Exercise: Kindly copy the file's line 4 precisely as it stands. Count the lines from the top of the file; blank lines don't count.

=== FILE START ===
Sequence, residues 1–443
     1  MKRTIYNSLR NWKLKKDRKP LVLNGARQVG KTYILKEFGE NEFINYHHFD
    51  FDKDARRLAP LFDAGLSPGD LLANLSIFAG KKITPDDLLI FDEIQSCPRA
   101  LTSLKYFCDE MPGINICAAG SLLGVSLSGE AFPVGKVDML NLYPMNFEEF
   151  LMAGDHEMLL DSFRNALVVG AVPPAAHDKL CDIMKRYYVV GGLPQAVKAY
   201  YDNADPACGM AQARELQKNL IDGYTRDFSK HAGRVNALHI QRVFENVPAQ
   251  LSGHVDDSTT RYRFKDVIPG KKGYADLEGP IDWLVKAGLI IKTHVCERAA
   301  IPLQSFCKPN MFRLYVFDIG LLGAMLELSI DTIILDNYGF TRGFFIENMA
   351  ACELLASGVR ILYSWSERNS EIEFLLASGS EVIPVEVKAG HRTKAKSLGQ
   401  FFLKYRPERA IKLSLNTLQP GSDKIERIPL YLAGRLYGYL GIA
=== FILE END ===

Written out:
   101  LTSLKYFCDE MPGINICAAG SLLGVSLSGE AFPVGKVDML NLYPMNFEEF